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Trump's Promises to Israel Foretold in the Bible?


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JERUSALEM, Israel – Donald and Melania Trump's first stop on their premier international tour befitted royalty. That's how it was planned and that's how it was orchestrated.
Saudi Arabia 'put on the dog' for the president and his contingency, welcoming them with as much flare as the monarchy could muster. They wanted the world to see how seriously they take their newfound friendship with President Trump and his efforts to spread goodwill among the world's three great monotheistic religions.  
Many Americans were thrilled with the respect shown to their president. And they believe it will produce a joint effort to fight the message of radical Islamic extremism.


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Amid all the finery and lavish display, the Saudis pressed their point at a joint press conference with U.S. Secretary of State Rex Tillerson and Saudi Foreign Minister Adel al-Jubeir, who touted Trump's "new approach and determination" to end the Israeli-Arab conflict.

"He certainly has the vision and we believe the strength and the decisiveness, and the Kingdom of Saudi Arabia stands prepared to work with the United States in order to bring about peace between Israelis and Palestinians – and Israelis and Arabs," the prince said, Arutz7 reported.
Fifteen years ago, the Saudi monarchy came up with a workable plan, one that all nations could agree on, except Israel.
In 2002, it announced a peace plan, backed by the Arab League, to resolve the conflict. They presented it as the best possible way to bring peace – not just in Israel – but in all of the Middle East.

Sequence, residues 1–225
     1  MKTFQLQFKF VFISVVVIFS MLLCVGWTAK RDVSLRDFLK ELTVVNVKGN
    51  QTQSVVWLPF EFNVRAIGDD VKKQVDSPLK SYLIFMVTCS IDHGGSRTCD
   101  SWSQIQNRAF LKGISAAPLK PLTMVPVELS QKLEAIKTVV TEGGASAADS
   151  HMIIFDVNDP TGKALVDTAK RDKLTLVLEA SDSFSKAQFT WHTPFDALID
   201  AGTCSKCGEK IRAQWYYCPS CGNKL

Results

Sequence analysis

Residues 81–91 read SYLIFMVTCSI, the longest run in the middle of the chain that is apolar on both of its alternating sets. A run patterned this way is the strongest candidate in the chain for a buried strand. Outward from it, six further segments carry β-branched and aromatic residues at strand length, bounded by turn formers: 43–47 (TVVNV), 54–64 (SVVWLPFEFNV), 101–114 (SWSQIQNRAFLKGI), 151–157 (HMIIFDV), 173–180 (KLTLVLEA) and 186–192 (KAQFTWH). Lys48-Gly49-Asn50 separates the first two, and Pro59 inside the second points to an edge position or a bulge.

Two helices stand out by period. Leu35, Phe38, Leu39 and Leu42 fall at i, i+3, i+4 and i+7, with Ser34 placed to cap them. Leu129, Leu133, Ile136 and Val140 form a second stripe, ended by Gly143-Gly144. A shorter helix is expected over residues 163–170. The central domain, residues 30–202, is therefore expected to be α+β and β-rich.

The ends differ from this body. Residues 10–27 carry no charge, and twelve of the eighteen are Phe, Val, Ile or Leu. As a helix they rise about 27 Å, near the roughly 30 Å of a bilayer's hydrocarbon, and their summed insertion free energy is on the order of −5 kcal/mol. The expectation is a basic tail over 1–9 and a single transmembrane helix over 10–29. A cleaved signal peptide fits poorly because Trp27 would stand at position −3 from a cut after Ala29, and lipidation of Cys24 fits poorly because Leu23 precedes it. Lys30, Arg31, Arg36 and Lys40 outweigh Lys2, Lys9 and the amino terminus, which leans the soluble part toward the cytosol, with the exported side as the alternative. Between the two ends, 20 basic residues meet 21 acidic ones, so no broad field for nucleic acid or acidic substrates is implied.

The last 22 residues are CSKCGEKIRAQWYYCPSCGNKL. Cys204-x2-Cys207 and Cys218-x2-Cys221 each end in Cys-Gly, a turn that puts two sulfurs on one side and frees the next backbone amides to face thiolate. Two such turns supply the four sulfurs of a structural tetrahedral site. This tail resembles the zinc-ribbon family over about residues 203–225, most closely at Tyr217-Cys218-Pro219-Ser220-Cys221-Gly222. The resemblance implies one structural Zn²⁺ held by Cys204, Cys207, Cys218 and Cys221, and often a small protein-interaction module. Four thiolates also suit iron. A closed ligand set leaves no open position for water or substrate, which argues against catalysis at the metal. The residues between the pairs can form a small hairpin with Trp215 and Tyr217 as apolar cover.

The plan calls for Israel to roll back to the pre-1967 armistice lines, divide its capital and accept the "right of return" of as many as 6.5 million descendants of Arabs who left the country in 1948 and 1967 and have been kept in refugee status for future use against the Jewish state.
And in exchange for that, many Arab League member nations will accept Israel's right to exist – and maybe even sign a peace treaty with it, the way Egypt and Jordan did. Egyptian President Abdel Fattah el-Sisi and Jordan's King Abdullah II are both lined up with the Saudi initiative.
Here's the short version according to God's plan. Sooner or later, all the nations of the world are going to unite against Israel.
In 1948, none of Israel's Arab neighbors accepted the U.N. partition. Instead, they attacked the nascent Jewish state, confident they would be victorious. They weren't.

Nearly 70 years later, they're professing, in the name of peace, to accept the original partition, dubbed "Auschwitz borders" because they're indefensible.

Now as Israel celebrates the 50th anniversary of the Six-Day War, when it defeated another multi-pronged attack by neighboring Arab countries, the nations of the world are calling on it to cede Judea and Samaria and re-divide Jerusalem — not a winning proposition from Israel's point of view.
It's not a little ironic that the man who campaigned on a pro-Israel platform may turn out to be God's chosen vessel to bring the Jewish state to the point that He steps in to defend her.
Peace, peace when there is no peace? (see Jeremiah 6, 8; Ezekiel 13) Unwalled villages? (see Ezekiel 38) Is it all coming to pass before our eyes?
Time will certainly tell.


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About The Author


From her perch high atop the mountains surrounding Jerusalem, Tzippe Barrow tries to provide a bird’s eye view of events unfolding in her country. Tzippe’s parents were born to Russian Jewish immigrants, who fled the czar’s pogroms to make a new life in America. As a teenager, Tzippe wanted to spend a summer in Israel, but her parents, sensing the very real possibility that she might want to live there, sent her and her sister to Switzerland instead. Twenty years later, the Lord opened the door to visit the ancient homeland of her people.